Summary: “Born again.” How often have you seen this phrase in a news story or a magazine feature? It seems like everything and everyone is born again.
“Born again.” How often have you seen this phrase in a news story or a magazine feature? It seems like everything and everyone is born again. A restaurant changes its menu, and its labeled “born again.” A man changes jobs, and his career is “born again.” A quick search on the internet produces hundreds of sites, many of them are religious. But there is an odd assortment of other uses for the term “born again.”
Born again- A trademark line of skin creams
Born again- Used book store
Born again- A cd title by the Notorious B.I.G. with explicit lyrics
Born again- Motorcycles
Born again- Bear, a company that recycles furs into teddy bears
Larry Flynt, the publisher of a pornographic magazine has claimed he is born again. Jim Jones claimed to be born again, and yet he led hundreds to death and sorrow.
One of the greatest of all Biblical terms has been stolen, emptied of its meaning, and dragged through the mud, so that being born again can mean almost anything or nothing. We need to rescue it and return it to it’s proper place. Today when a person says he is born again we cannot be sure what he means. The mere use of the word tells us almost nothing.
The truth, however, is that when one is really born again, there is repentance, a work of the Spirit in the life, and a change so that the whole being is brought into new life. Lets look in detail at this conversation between Nicodemus and Jesus, in which our Lord explained what it meant to be born again.
Verse 1 “Now there was a man of the Pharisees named Nicodemus, a member of the Jewish ruling council.”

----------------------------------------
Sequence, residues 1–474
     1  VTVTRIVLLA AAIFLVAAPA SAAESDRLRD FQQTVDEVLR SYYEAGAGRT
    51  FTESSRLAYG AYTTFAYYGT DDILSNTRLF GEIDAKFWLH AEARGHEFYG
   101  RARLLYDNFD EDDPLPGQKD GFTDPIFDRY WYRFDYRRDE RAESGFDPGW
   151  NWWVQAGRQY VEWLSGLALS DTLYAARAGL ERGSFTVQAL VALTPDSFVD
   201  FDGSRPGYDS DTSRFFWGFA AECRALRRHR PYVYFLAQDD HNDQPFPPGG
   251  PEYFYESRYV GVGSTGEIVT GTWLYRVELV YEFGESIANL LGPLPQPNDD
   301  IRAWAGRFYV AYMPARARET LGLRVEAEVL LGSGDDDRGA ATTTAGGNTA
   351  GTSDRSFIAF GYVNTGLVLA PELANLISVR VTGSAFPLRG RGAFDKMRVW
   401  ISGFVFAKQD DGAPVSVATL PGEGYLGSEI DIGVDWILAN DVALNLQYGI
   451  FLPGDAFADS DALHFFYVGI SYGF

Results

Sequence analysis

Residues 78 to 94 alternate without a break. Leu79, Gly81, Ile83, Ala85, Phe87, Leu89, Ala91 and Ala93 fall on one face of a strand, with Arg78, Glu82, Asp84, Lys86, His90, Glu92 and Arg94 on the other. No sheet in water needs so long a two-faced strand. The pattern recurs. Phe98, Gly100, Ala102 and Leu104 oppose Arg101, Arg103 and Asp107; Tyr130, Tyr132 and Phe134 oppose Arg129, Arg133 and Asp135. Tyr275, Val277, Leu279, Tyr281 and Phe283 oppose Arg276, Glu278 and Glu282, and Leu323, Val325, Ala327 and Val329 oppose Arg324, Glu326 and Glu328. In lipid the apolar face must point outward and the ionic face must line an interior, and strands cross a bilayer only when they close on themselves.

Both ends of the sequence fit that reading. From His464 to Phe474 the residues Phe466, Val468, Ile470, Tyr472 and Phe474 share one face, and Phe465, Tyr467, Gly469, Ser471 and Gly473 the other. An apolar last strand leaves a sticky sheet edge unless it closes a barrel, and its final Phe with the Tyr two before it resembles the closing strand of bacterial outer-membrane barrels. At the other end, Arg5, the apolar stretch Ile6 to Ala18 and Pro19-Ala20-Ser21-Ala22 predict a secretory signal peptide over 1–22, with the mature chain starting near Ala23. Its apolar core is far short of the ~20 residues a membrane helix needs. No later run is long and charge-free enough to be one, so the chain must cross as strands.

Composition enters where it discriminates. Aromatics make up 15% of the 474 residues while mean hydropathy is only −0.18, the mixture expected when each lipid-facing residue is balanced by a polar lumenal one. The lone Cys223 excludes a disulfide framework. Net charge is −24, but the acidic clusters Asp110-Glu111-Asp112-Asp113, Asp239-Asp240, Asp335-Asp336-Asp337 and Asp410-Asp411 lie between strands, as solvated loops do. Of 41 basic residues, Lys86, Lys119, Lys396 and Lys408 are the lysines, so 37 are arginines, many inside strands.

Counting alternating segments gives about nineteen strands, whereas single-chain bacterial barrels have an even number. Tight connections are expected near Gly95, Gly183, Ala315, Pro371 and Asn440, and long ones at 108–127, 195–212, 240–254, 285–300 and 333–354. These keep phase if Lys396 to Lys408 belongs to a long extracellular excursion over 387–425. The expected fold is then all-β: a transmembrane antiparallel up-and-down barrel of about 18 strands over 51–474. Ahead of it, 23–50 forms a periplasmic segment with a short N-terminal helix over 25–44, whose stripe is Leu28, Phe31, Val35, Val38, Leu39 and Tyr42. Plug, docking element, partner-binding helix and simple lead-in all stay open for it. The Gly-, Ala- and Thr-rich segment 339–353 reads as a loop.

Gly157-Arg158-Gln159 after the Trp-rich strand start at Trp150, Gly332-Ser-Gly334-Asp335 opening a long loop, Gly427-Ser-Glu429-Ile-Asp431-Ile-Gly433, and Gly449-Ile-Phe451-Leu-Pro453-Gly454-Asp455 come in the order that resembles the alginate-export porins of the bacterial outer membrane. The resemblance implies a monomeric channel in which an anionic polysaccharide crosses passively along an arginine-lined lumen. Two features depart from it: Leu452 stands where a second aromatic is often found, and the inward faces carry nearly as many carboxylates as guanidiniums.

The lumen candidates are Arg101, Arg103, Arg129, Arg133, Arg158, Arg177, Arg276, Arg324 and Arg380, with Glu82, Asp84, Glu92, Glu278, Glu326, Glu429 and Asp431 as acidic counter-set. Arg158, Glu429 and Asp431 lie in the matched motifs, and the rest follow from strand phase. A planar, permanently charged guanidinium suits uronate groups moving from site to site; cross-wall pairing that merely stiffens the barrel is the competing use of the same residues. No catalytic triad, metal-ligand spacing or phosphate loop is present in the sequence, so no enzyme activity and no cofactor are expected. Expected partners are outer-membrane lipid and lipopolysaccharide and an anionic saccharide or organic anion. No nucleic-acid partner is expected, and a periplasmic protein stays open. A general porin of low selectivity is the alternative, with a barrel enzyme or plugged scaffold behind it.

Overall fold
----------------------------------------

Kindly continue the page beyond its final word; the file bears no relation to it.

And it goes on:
If we had lived in Christ’s day and had been forced for some reason to choose a man to represent us, a man who would embody the best of our culture, education, ethics, and piety, Nicodemus would have been a good choice. Nicodemus had everything and yet was a failure spiritually because he had never found God.
Notice his achievements. First of all, Nicodemus was a Pharisee. One of the primary characteristics of the Pharisees was their seriousness to God’s Law. Let me give you an example using the Sabbath law. The Bible simply said to remember the Sabbath day, to keep it holy, and on that day no work is to be done. Now the Pharisees were not content with that, so they spent hour after hour and generation after generation defining what work is and listing the things that may or may not be done on the Sabbath day.
The kind of thing they did was this. To tie a knot was considered work; but they had to define what a knot was. They said that certain knots could be tied and certain knots could not be ties. For example, the knot of a sailor and the knot of a camel driver could not be ties and if you tied them on the Sabbath day you would be guilty of breaking the Sabbath. You were even guilty if you untied them. Any knot that you could tie with one hand was perfectly legal. A woman could tie her sash, and you could tie the straps of your sandals. (Give example of man at well.) That was the kind of thing which to the Pharisee was a matter of life and death; that was religion; and to them was pleasing and serving God.